The volume brings together young academics and prominent international scholars from a variety of disciplinary fields, including Geography, Sociology, Political Science, Philosophy, Literature, Cultural Studies, Architecture and Theatre Studies. The authors engage with the spatial deployment of past and present violence in Argentina, Cambodia, Germany, Greece, Poland, Spain, Turkey and the United States.

Please click here for more information on the publisher’s website and a sample chapter.

Conference: Exhumed bodies and memory

imatge_antropologia_forenseOrganitza: Institut Català d’Antropologia (ICA) i ERAPI-Laboratori Cooperatiu de Socioantropologia. Amb la col·laboració de l’Insitut d’Estudis Catalans i el suport de l’Institut Ramon Muntaner i el Departament de Cultura de la Generalitat de Catalunya.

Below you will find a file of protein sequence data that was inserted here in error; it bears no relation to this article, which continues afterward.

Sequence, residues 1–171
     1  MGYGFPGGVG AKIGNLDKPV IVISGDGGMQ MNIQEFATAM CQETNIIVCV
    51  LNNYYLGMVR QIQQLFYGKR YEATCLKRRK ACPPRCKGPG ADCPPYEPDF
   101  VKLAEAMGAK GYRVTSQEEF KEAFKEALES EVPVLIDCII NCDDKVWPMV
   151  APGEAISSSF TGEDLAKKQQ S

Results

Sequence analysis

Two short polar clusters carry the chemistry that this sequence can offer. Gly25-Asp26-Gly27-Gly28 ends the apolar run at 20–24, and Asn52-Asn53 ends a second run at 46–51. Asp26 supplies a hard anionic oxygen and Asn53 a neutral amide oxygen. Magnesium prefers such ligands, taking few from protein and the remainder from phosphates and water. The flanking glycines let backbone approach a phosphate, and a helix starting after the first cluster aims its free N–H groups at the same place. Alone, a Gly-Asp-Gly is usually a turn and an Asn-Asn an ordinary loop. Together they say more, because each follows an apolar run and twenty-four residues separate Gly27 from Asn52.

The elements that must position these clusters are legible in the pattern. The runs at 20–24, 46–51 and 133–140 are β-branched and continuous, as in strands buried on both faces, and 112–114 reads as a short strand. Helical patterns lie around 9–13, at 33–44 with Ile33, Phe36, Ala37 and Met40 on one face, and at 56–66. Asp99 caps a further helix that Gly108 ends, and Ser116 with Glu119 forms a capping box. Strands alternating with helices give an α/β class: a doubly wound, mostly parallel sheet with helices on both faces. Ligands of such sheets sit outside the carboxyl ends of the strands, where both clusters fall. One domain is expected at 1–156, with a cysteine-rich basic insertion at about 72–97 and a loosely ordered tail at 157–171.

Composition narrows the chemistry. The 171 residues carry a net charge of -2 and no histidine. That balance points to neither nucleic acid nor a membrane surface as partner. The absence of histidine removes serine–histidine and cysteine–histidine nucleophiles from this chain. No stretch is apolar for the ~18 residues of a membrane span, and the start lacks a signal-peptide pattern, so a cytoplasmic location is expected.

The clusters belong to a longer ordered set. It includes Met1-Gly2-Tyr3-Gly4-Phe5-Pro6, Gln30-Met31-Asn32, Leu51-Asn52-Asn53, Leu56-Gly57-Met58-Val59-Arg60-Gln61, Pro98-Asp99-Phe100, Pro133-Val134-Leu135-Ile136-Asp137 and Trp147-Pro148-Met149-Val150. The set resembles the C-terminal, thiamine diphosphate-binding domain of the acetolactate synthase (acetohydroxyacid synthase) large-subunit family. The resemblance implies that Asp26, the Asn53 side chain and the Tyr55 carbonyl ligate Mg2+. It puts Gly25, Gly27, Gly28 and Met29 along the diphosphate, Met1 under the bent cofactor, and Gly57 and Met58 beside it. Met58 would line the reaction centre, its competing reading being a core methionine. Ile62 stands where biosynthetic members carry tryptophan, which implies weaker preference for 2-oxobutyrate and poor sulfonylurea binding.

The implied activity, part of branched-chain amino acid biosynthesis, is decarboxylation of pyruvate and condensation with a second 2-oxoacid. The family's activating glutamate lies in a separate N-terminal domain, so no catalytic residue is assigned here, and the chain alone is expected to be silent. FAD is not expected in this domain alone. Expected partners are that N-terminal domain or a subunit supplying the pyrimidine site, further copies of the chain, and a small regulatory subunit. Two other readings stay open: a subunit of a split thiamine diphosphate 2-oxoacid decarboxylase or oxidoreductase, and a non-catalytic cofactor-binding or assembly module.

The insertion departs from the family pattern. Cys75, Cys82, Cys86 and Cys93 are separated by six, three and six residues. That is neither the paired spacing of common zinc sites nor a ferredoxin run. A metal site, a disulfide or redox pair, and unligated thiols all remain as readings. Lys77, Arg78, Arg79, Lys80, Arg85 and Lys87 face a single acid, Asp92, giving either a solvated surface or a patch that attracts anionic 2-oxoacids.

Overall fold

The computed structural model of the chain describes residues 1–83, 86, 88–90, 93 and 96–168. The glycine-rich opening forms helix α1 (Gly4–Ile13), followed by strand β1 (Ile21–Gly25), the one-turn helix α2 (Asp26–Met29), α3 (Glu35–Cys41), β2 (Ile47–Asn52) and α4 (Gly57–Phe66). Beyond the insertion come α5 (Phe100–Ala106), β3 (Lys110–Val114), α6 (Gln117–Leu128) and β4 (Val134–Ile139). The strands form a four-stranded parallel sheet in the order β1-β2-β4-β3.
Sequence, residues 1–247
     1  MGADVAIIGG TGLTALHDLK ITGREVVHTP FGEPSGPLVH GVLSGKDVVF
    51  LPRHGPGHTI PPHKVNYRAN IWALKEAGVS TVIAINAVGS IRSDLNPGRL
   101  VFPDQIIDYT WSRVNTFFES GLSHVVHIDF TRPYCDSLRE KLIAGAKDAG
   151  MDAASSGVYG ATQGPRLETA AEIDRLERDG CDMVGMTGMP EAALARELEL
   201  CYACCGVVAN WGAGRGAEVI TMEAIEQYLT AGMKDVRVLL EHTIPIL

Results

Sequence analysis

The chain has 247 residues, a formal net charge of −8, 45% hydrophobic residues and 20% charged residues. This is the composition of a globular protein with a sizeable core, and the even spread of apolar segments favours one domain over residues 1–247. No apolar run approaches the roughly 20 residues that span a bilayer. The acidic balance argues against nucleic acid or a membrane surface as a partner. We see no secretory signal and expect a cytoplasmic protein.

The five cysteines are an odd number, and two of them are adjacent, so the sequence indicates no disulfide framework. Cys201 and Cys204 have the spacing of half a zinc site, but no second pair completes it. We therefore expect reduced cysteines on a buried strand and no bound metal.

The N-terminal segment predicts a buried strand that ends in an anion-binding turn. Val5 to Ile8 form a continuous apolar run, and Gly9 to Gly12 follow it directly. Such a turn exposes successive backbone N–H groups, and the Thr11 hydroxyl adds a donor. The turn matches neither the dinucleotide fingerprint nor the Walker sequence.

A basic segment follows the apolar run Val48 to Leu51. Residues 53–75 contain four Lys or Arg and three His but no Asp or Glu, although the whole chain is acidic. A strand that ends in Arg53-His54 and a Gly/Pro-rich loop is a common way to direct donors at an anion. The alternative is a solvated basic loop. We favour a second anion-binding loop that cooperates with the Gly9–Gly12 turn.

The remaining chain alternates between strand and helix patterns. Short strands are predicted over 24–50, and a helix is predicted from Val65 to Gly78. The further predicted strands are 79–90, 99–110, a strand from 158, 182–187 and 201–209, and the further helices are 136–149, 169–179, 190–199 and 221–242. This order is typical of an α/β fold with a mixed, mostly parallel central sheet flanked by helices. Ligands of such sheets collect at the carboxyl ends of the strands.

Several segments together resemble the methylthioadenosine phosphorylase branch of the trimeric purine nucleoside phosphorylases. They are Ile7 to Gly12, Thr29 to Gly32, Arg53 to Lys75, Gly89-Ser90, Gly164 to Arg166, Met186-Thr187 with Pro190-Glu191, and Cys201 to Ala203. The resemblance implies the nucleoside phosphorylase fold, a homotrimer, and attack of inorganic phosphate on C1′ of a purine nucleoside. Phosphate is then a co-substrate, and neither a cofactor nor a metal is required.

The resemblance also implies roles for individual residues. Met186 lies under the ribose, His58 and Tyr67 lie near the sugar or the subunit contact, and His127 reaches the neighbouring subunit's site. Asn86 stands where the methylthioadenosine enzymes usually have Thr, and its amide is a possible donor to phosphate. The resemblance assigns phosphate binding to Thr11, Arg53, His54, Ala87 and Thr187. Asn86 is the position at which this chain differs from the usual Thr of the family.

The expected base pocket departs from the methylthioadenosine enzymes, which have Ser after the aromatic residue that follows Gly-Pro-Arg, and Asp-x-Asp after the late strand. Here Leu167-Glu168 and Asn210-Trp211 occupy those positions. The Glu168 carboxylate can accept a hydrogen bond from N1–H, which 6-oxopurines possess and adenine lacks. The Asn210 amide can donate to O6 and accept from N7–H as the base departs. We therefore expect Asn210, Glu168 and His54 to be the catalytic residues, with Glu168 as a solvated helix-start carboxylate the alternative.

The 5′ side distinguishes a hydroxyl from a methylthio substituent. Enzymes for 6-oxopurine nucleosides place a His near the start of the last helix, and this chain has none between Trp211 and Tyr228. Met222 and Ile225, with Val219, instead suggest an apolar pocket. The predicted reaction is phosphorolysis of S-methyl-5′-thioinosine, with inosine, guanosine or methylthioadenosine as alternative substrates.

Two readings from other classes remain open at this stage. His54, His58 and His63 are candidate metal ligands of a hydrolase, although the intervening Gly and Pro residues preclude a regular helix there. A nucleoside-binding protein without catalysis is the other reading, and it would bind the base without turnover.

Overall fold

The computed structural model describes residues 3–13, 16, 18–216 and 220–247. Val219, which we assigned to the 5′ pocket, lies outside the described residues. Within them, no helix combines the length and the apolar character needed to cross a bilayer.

L’objectiu d’aquesta jornada és divulgar el treball efectuat pels professionals de l’antropologia en el marc dels processos de recuperació de la memòria de la repressió i la violència  durant la guerra civil i el franquisme, i en particular pel que fa als equips multidisciplinars que s’encarreguen d’exhumar fosses comunes.

Més informació aquí.

INOGS Conference – presentation

Elisabeth Anstett will deliver the paper ‘Undesirable corpses: Destruction of bodies and denial of memory in the Gulag’ on 6 December 2014 at the INGOS conference in Cape Town.

By examining the Soviet concentration system, the paper will address the burial procedure (or lack thereof) for the millions of prisoners sentenced to forced labour from 1918. It is a notable feature of the Soviet State that they did not return the bodies of the dead to their families. The paper will interrogate the variety of practices used on the bodies to dispose of them “without a trace”, and the effects the issues this raises on the memory of the Soviet camps today.

For the full conference programme, please see here.

Call for papers – Material traces of mass death